This automated test suite was loaded into the tool and started. It turned out it would have needed three weeks to complete the suite.
This was three weeks we didn’t have, so it was quickly abandoned.
What would automated testing cover?
Automated testing would have covered the decision points being robust if a customer said nothing more than yes or no at each decision point. It would have been an excellent functional regression test that could have been run every time there was a deployment.
What would automated testing not cover?
When a customer talks to an avatar, they tend to say unpredictable things.
Some of them are bad use of English and some of them are incomprehensible. As humans, we make allowances for this and can often glean the intention right away or know how to quickly seek clarification.
Once Dialogflow gets past the accent, it listens for key words. This, it was claimed, is all that would need to be done.
In practice, it required pages and pages of training for every input. There were 320 variations on the word ‘yes’ alone. Who would have thought there so many ways to indicate in the affirmative!
Now imagine the automated testing suite re-testing with every variation of every input, then every combination of every input.
Automated testing can also not cover:
- The voice package delivered by Soul Machines - The voice package was separately recorded at every interaction to stop the unnatural robot sound you get with speech synthesis. In practice, this was always very accurate and only required a quick one-time listen, and even then only a few odd-ball problems were ever uncovered.
- Spoken and text inputs - Is every reasonable input recognised? If it’s not, it’s added to where it should be recognised. Conversely, is something recognised as something it’s not? This input can be captured and sent to the right place.
- Pop-up boxes – These need to be checked for informational accuracy and formatting. The included links need to be checked that they provoke the correct webpage.
- Page fit optimisation on various devices and browsers.
- Does it handle low data speeds? (It sacrifices video quality to keep voice quality as high as possible).
- Does it time out after one minute of inactivity?
- Is it timing out when it shouldn’t?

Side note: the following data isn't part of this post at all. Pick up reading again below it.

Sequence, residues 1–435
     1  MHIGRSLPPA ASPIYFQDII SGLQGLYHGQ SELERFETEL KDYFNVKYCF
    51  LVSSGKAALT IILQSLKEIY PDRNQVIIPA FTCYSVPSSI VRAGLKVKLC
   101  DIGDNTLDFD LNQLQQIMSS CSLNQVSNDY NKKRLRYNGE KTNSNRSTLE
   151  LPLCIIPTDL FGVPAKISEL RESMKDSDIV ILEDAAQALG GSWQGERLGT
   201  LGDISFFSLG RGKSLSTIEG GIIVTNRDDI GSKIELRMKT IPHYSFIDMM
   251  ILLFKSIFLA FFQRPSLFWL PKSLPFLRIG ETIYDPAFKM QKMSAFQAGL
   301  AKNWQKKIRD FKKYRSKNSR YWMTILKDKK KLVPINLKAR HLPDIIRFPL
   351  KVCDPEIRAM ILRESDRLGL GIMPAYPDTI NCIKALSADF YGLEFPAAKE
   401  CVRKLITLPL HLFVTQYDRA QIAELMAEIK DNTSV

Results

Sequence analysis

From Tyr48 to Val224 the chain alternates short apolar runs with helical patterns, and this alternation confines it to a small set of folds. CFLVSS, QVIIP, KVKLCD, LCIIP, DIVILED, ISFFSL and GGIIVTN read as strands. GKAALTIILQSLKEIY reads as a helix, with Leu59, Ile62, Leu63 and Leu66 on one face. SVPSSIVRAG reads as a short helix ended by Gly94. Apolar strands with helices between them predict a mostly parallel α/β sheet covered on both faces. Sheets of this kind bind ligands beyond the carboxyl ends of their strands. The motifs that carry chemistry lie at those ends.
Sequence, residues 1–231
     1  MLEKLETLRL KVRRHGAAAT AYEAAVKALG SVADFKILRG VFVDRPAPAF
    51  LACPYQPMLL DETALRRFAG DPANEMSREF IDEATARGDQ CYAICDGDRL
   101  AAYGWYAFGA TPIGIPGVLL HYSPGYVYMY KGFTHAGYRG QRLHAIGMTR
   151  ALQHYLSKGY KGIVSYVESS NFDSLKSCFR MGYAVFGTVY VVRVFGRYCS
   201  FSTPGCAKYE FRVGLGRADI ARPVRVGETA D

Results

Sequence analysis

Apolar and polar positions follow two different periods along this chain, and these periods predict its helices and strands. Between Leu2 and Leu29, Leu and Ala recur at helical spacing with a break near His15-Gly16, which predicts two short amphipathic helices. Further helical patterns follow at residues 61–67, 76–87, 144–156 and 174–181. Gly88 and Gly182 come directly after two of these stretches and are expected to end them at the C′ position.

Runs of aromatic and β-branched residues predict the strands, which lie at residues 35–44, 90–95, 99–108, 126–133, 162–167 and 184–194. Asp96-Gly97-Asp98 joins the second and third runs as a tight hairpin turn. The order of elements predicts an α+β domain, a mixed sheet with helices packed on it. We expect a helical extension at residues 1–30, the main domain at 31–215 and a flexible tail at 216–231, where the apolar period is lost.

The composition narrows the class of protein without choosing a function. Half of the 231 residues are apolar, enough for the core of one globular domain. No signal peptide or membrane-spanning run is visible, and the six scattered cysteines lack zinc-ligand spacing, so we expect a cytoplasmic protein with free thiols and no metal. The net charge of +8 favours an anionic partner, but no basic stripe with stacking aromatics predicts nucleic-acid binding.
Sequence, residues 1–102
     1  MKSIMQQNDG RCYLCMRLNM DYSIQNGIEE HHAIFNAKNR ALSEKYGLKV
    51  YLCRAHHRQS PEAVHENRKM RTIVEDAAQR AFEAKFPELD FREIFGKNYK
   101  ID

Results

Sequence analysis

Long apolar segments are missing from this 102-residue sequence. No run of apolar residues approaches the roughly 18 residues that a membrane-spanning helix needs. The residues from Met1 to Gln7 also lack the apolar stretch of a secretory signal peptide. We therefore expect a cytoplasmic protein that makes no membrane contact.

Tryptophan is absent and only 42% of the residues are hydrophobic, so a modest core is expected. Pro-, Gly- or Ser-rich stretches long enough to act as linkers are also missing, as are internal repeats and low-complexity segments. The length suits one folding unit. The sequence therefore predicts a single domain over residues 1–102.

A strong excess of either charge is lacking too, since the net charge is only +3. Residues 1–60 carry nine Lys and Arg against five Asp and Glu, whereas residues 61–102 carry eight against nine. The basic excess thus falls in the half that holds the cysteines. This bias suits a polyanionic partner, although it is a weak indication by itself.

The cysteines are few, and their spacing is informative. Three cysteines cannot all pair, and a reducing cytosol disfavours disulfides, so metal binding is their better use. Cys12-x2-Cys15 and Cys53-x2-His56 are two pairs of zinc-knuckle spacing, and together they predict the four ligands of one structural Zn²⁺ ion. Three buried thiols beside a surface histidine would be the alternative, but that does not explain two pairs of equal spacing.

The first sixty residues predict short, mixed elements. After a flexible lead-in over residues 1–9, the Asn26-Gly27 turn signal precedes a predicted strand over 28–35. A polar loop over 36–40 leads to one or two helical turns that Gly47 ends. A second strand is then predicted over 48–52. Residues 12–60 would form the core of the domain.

- Are the API points behaving correctly?
- Did you know you can ask about the weather?
Look and feel
- Does it feel as natural as possible? We are trying to avoid ‘uncanny valley’.
- Voice / mouth sync, avatar smoothness, eye position and blinking.
- Does it respond appropriately to inappropriate questions?
- Is it behaving in a way that could impact on the company’s reputation?
We made it to production
Now the avatar is in production and viewable to the world. It’s time to celebrate, right?
Well, yes and no. It turns out the top 30 questions that are asked to the on-line FAQ section are quite different to what’s being asked of the avatar.
They are also being asked in ways that haven’t been thought of. Not wrong specifically, just differently so they are not recognised.
This requires some early release maintenance. Dialogflow is flexible, as it can be continuously released to production with no outage to the front-end customer.
Every day the text logs of the conversations were sorted through, and anything that was not understood, but should have been, was added in. Questions that appear multiple times and weren’t originally anticipated are captured, so new conversation flows can be created, approved and added.
Through this daily process, another 120 entry points with conversation flows were added. Every time a conversation was added, extra care had to be taken not to weaken one of the other ones.
In the original design, a sentence with the word ‘account’ went to a single entry point. But it was found that customers were asking very specific questions about very different subjects that included the word account in them.
So, the original conversation that tried to narrow down what the customer wanted about their account, with a series of follow up questions, was diversified. Instead of the customer going on a long journey to get what they wanted, they went straight to what they asked for.
This type of customisation was adopted across the board. An example of this is if a customer just said ‘account’, then they went on the original flow to find out what they wanted.
But if they said ‘I want to open a savings account’, they immediately went to that subject. Of course, it meant that we had to remove all combinations of ‘I want to open a savings account’ from the original flow.
Another reason we updated our methodology is we could detect frustration in customers who stated exactly what they wanted, only to be asked again if they wanted it. E.g. the customer says ‘I want a SWIFT code for the USA’ and then the AI says ‘please tell me the country you want the SWIFT code for’.
Being thrown into a cutting-edge project is always exciting and daunting at the same time. Working in a small group and having direct control on the quality of the end product is also very rewarding. It forces you to think outside the square, and create things from scratch based on the knowledge you have and what you make up along the way.
I found that my background in testing IVR (Interactive Voice Response) systems to be helpful, but not an absolute requirement. Anyone with testing skills and desire to provide an excellent customer experience can handle it.
So is this type of AI the future of customer service? In my opinion yes, but for some people.
An avatar provides another option for a company to answer customer queries. It won’t be suited to all customers, but for those who use it, it can be fun and informative. For the company, it has the possibility of freeing up customer service representatives from answering commonly asked and tedious questions.
As a tester, if you are ever offered (or volunteer) to test an AI, don’t be put off by the scary sound of it and jump in. The results will be their own reward!